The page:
by clicking the arrows at the side of the page, or by using the toolbar.
by clicking anywhere on the page.
by dragging the page around when zoomed in.
by clicking anywhere on the page when zoomed in.
web sites or send emails by clicking on hyperlinks.
Email this page to a friend
Search this issue
Index - jump to page or section
Archive - view past issues
Public Sector Informant : PSI
[MAY 2010] 8 THE PUBLIC SECTOR INFORMANT [PUBLIC A DMINISTRATION:RICHARD M ULGAN] A pointless sacrifice to feed the sharks The Hawke report The insulation scandal failed to answer who is responsible for whole-of-government initiatives The design faults, as Hawke makes clear, were almost entirely due to the speed with which the insulation program was rolled out. Equally clearly, the pressure for speedy implementation came from outside the department After the sensationalised media coverage, Allan Hawke's review of the Home Insulation Prog- ram, published last month, helps put the program in a more balanced perspective. As one would expect from an experienced and respected former departmental secretary, Hawke clearly puts his finger on the key causes of failure, while giving due credit to those who strove conscientiously to make the program succeed. Much of his analy- sis, he freely admits, can be seen as being wise after the event, when factors that were far from clear at the time now emerge as critically import- ant. But wisdom after the event is much better than no wisdom at all. Hawke's account will provide an excellent basis for studying what will become a classic case study in policy failure. The Home Insulation Program had two main objectives: to generate economic stimulus, by supporting small businesses and providing jobs for the unskilled and unemployed, and to improve the energy efficiency of homes. How far the program was successful in achieving these outcom- es is beyond the scope of the report. But Hawke does note that a large number of people were employed under the scheme before it was axed. He also points to the possible long- term energy-efficiency benefits that the insulation will produce, though that result will be partially comprom- ised by the poor quality of some of the installation work and materials (let alone the ultimate cost). The more immediate failure, and the reason for axing the program, lay in the four deaths and numerous fires and fire-risks that were associated with the program. Hawke rightly reserves judgment on the causes of the deaths, which are subject to police and coronial inquiries. He notes that ''political wrangling'' has ''over- shadowed the duty of care of em- ployers'' but does not question that government actions also helped cause the loss of life and property. A number of administrative deci- sions taken by the Department of Environment, Water, Heritage and the Arts contributed to the failure. The department eventually settled on a business model designed to save time and reduce red tape. The Government would not enter into contracts with insulators, the more normal model of government pro- vision, but would instead refund insulators directly, using the Medi- care network. Insulators would need to register but, on a self-assessment system, initially without providing evidence of qualifications or training. Checking for satisfactory compliance would not be a condition of payment but, as with other Medicare refunds and tax returns, would be post hoc and by assurance sampling. The streamlined business plan meant that state and territory govern- ments were bypassed in the adminis- tration of the program, even though they had the main responsibility for safety and OH&S standards. The appointment process for a com- pliance and audit contractor was drawn out, meaning that the full compliance and audit system was not operating until three months after scheme was up and running. Even after the compliance and audit system was in place, it was swamped by the unexpectedly high level of completed insulations. The department was clearly taken by surprise by the enormous demand for the program. Indeed, the risk assessment provided by Minter Elli- son seems to have given more weight to the dangers of insufficient take-up rather than of over-subscription. Moreover, the details of the scheme were constantly evolving, as the department responded to complaints and suggestions. As a result, the level of departmental resources initially allocated to the program proved inadequate. Officers were over- stretched by the problems of dealing with a complicated, rapidly changing and massively popular scheme. For example, it was not until November 2009, five months after the program began operating, that a deputy sec- retary was assigned full-time res- ponsibility for energy efficiency (an arrangement that, in hindsight, should have been made much earlier, Hawke says). Also notable is the significant role played by consultants in both plan- ning and implementing the program: Minister Ellison for risk assessment, KPMG for the business model design, Protiviti and Pricewaterhou- seCoopers for compliance and audit, Ernst & Young for a fraud control plan and Datacom for call-centre facilities. Reliance on outside exper- tise was inevitable for a program that was beyond the department's existing resources. Hawke does not comment on whether the extensive use of consultants hindered the depart- ment's capacity to exercise control over a quickly evolving and danger- ous situation. In spite of the obvious shortcom- ings, Hawke finds some features to commend in the department's approach to administering the program. The supervising committee, the project control group, was well constituted, chaired by the Environ- ment Department and with represen- tatives from the office of the coordinator-general in the Depart- ment of the Prime Minister and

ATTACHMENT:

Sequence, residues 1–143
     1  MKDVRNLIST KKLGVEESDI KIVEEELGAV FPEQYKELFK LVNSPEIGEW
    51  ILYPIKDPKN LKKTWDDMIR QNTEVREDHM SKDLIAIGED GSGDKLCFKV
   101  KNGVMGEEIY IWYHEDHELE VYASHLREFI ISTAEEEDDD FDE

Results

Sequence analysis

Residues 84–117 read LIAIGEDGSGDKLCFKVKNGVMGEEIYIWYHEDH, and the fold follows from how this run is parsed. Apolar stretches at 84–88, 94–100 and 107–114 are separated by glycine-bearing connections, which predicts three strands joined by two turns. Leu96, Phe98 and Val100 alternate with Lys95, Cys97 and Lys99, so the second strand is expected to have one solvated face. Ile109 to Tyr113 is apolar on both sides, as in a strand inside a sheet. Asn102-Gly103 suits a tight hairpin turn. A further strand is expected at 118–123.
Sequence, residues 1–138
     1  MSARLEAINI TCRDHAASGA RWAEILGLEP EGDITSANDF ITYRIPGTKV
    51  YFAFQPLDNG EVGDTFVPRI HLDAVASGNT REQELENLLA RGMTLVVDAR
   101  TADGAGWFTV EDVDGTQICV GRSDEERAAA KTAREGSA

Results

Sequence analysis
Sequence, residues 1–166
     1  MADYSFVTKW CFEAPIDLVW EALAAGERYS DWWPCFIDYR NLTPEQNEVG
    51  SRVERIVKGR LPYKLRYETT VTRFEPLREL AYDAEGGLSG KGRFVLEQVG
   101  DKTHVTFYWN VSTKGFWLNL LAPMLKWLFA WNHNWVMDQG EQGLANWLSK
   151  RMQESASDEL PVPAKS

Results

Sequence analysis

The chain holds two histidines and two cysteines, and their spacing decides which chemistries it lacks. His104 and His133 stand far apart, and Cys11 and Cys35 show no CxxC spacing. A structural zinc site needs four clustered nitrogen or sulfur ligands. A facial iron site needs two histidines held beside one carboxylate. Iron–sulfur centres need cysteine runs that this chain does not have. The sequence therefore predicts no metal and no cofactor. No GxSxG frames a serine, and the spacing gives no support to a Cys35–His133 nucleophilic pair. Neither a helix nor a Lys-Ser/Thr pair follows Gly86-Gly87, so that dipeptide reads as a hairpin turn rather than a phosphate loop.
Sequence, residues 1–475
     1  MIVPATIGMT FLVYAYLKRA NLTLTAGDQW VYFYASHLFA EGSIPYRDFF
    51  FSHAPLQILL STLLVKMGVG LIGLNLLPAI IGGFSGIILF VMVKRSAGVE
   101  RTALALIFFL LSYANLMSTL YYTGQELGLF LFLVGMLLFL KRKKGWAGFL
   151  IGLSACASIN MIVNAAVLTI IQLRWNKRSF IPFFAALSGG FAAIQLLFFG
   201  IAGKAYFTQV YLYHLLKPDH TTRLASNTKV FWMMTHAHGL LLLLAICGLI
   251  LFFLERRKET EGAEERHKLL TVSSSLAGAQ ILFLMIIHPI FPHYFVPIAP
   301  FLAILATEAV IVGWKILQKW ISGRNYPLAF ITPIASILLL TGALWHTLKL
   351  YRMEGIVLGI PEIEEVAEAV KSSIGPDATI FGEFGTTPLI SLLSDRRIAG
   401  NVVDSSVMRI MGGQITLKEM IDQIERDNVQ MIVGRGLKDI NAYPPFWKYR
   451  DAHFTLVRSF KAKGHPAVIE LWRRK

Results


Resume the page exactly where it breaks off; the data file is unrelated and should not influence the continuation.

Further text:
PSI - September